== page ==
I woke up shortly after sunrise and broke camp. I met up with a country road that led back to the 90. I decided to take my time and walk the whole day.
I met Stephanie and offered her a pint of strawberries. She could uldn’t believe it and couldn’t wait to bring them home to wash and eat them.
David is a desert storm vet with three bullet wounds. He struggles with things and finds it hard to rely on the VA. He has been on the street in Lake City for 10 years. He served in the Air Force dropping rice, water, and even tanks from planes for support. He was a very kind person.
I also met a man named Chet. We talked about New Mexico and Colorado. He was on the street and had nice bicycle setup. I thought he might have been a traveler.He told me I would find some likeminded people out the way I was headed.
I met Dave who served in the Marines.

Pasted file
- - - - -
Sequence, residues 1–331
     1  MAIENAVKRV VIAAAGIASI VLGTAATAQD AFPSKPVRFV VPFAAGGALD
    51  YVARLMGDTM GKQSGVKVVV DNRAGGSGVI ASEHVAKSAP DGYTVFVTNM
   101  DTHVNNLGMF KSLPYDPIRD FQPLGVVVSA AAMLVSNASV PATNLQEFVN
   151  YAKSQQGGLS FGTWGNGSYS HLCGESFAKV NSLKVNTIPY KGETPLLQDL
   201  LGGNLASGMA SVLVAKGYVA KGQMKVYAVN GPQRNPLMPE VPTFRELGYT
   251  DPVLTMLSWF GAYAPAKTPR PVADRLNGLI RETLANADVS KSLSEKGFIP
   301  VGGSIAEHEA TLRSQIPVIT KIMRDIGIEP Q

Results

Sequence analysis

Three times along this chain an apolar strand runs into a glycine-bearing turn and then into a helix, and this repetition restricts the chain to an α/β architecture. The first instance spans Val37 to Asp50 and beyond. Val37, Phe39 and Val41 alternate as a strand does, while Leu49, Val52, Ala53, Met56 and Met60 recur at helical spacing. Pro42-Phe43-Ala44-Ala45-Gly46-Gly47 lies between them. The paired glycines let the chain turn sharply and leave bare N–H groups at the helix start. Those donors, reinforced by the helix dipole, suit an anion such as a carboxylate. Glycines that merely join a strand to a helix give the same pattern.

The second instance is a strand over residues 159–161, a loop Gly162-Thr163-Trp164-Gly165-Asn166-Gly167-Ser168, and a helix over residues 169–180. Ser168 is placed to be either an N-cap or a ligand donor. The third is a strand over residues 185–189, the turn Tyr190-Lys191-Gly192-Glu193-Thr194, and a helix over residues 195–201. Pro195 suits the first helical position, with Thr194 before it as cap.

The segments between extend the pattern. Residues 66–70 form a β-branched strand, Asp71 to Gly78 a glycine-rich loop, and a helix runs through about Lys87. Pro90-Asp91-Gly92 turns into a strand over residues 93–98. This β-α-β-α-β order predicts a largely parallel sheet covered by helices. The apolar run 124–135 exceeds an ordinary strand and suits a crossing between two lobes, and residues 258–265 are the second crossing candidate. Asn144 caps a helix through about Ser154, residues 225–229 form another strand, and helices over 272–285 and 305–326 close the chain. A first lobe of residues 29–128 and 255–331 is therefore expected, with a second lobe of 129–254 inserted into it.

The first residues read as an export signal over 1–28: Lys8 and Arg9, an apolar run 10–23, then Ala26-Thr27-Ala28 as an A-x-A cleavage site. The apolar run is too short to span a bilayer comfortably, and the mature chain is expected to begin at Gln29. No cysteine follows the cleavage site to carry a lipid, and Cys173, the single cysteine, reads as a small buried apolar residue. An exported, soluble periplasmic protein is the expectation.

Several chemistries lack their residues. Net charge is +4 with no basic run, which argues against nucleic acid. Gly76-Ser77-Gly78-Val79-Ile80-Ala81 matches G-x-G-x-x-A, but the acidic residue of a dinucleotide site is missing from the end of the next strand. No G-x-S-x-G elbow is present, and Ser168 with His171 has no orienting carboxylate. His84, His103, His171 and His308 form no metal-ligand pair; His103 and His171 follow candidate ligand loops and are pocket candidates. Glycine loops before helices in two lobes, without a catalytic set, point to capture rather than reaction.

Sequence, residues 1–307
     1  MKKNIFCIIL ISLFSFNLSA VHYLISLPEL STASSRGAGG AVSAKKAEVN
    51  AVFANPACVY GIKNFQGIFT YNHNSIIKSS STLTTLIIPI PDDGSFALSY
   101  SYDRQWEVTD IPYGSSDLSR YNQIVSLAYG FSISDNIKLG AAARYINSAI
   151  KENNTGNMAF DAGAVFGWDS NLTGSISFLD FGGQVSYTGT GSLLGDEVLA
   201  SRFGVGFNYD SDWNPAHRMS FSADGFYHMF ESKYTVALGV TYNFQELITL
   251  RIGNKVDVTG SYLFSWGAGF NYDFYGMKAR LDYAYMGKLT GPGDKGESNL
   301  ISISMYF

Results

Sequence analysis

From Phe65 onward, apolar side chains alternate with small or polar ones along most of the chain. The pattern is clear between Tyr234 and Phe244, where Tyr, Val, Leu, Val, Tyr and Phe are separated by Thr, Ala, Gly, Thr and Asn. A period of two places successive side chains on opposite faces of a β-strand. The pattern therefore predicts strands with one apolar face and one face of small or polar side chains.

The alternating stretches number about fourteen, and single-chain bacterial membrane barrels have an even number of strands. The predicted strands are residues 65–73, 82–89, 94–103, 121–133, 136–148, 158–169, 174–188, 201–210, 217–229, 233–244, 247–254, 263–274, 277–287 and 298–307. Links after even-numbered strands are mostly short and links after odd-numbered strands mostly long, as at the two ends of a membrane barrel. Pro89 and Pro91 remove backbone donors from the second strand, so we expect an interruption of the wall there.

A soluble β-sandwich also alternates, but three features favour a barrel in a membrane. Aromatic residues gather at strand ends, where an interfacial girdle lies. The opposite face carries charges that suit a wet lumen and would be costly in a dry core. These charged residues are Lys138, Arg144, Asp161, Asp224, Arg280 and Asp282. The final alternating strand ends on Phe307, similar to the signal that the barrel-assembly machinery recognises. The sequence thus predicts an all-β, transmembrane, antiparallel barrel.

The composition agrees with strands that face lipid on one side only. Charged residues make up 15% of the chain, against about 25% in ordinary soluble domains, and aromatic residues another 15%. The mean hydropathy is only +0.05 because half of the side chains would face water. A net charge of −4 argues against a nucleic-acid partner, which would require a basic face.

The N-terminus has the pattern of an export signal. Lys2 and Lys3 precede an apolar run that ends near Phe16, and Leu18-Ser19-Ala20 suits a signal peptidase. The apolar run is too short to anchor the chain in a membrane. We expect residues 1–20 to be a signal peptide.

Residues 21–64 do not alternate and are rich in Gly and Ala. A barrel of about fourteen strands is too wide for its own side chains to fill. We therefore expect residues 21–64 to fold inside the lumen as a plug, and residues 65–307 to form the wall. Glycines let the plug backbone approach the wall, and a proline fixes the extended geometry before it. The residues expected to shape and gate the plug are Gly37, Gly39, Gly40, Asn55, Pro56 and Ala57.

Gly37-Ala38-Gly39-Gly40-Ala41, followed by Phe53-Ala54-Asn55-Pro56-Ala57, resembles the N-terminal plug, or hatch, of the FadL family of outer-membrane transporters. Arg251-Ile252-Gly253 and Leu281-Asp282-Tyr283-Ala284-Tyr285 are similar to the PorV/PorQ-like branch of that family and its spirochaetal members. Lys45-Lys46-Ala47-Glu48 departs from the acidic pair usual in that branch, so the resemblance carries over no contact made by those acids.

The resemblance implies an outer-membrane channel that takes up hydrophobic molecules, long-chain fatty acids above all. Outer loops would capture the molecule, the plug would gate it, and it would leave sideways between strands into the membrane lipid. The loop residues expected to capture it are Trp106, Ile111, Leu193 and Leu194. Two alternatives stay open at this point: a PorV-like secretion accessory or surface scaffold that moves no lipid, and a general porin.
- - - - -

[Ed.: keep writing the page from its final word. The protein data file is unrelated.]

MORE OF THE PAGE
Curtis mentioned some sort of music festival going on in Live Oak and asked me if I was going. I asked him what the festival was for. He told me it was a hippie festival. I looked down at my bare feet and the hair in my eyes and laughed. I told him I was just passing through. I was intimidated by his dog Hobo at first, but he was actually pretty friendly.
Josh is from the Georgia-North Carolina line. He just arrived in Lake City and doesn’t have a penny to his name.
I made my way out from Lake City to the beautiful farmlands on Suwanee County. I kept my walking pace slow and covered around 12 miles or so. I set up my hammock behind a baseball field at a baptist church. I rigged my tarp over the hammock as there was potential for storms that night.
Around 1:30 a.m. I awoke to the clashing and flashing of thunder and lightening. All around me, and within me, I could feel it. It was real and raw. Frightened, I enjoyed the thrill of the storm. An hour or so later, I fell asleep to the trickle of lazy after-drops upon my tarp. My rig held up. It was a good night.